In his book, Darwin offered several pieces of evidence that favored evolution. In a subdued manner, he attempted to convince the scientific community of the validity of his theory.
One piece of evidence offered by Darwin is found in the science of paleontology. Paleontology deals with locating, cataloging, and interpreting the life forms that existed in past millennia. It is the study of fossils—the bones, shells, teeth, and other remains of organisms, or evidence of ancient organisms, that have survived over eons of time.
Paleontology supports the theory of evolution because it shows a descent of modern organisms from common ancestors. Paleontology indicates that fewer kinds of organisms existed in past eras, and the organisms were probably less complex. As paleontologists descend deeper and deeper into layers of rock, the variety and complexity of fossils decreases. The fossils from the uppermost rock layers are most like current forms. Fossils from the deeper layers are the ancestors of modern forms.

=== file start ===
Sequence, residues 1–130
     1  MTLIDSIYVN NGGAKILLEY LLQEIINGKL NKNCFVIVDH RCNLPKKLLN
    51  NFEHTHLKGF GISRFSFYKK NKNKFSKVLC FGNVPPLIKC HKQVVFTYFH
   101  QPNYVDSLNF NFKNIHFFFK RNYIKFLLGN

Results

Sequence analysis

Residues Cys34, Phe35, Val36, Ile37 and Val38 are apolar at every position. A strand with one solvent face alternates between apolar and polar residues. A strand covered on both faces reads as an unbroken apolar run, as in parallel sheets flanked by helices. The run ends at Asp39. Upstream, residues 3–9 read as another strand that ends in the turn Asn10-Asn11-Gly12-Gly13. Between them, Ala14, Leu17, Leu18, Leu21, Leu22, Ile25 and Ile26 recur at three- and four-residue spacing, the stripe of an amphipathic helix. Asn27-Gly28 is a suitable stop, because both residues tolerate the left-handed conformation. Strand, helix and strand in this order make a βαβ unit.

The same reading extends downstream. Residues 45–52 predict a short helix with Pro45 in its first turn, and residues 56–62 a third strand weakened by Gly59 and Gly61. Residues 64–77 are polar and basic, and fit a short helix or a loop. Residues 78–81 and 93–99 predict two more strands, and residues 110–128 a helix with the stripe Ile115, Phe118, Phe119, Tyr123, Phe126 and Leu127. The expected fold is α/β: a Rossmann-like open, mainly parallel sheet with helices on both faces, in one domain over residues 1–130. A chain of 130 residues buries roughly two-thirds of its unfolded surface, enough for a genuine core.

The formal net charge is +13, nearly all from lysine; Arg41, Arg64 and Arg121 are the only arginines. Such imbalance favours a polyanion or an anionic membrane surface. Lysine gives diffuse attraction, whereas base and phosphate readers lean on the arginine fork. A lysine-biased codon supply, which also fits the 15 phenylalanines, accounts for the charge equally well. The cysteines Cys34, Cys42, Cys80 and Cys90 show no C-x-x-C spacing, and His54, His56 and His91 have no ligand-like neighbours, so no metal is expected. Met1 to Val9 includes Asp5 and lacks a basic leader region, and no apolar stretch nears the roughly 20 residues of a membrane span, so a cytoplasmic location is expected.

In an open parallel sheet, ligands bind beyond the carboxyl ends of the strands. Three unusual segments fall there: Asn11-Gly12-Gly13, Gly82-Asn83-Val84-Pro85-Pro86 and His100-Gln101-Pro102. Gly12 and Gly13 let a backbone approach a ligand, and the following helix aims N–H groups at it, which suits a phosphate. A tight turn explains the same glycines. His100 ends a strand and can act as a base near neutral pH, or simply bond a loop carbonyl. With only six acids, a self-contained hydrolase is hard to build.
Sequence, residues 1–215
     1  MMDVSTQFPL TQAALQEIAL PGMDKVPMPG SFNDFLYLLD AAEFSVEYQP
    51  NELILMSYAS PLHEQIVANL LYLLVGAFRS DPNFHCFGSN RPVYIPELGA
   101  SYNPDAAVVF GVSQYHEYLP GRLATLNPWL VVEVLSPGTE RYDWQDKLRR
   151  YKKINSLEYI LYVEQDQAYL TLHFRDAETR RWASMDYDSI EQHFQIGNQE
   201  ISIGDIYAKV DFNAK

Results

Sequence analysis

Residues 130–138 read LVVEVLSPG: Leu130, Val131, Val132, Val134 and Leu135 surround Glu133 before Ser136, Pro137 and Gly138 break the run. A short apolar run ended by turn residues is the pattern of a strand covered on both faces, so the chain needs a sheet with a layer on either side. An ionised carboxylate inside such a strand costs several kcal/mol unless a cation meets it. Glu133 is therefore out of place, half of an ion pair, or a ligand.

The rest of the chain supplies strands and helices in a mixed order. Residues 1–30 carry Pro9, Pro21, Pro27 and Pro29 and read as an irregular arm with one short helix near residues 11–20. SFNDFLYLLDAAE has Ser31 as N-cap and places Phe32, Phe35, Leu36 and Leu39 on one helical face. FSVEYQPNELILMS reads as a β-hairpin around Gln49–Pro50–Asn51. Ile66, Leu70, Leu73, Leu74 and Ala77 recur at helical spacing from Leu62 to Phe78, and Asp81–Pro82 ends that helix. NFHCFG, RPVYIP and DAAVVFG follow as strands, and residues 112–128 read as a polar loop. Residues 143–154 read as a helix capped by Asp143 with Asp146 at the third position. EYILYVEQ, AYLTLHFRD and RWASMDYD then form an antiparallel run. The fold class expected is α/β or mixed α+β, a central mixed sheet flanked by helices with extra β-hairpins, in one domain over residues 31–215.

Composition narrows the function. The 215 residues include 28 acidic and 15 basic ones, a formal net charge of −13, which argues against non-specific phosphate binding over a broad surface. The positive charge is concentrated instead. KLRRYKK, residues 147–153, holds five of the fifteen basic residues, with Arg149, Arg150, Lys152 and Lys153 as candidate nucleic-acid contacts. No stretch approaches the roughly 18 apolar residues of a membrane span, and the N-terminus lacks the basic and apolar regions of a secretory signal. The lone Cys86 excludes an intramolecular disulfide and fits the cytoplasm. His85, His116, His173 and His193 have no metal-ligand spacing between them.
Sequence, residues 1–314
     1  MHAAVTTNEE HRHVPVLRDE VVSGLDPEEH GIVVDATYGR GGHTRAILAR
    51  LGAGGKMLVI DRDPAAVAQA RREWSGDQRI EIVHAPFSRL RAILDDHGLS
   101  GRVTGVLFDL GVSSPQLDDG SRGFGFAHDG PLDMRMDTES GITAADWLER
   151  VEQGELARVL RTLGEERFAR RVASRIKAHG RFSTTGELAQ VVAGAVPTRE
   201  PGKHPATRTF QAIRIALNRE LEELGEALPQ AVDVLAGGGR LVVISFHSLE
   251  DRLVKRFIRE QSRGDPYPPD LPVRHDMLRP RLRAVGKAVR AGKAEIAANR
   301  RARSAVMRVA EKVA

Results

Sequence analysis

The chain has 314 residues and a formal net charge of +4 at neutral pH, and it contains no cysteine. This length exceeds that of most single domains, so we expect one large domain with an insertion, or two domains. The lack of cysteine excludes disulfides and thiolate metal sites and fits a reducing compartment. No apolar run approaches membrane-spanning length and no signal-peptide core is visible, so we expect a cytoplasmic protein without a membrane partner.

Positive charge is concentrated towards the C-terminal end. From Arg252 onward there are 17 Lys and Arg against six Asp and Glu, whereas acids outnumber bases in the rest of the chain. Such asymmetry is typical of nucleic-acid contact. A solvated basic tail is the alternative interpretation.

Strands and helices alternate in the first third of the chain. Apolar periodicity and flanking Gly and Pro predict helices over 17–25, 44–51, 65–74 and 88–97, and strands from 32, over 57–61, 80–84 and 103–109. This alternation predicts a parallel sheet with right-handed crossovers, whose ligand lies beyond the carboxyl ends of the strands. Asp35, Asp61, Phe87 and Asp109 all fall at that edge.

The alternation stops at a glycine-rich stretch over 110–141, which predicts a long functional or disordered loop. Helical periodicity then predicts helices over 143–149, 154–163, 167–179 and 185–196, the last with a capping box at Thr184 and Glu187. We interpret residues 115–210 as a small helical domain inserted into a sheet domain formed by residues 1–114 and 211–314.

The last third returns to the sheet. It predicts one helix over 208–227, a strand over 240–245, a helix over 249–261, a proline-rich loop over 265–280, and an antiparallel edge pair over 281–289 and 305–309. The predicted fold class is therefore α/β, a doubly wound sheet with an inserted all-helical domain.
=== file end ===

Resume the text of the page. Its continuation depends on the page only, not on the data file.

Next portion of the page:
1 ). As Darwin pointed out, the forelimbs of such animals as humans, whales, bats, and other creatures are strikingly similar, even though the forelimbs are used for different purposes (that is, lifting, swimming, and flying). Darwin proposed that similar forelimbs have similar origins, and he used this evidence to point to a common ancestor for modern forms. He suggested that various modifications are nothing more than adaptations to the special needs of modern organisms.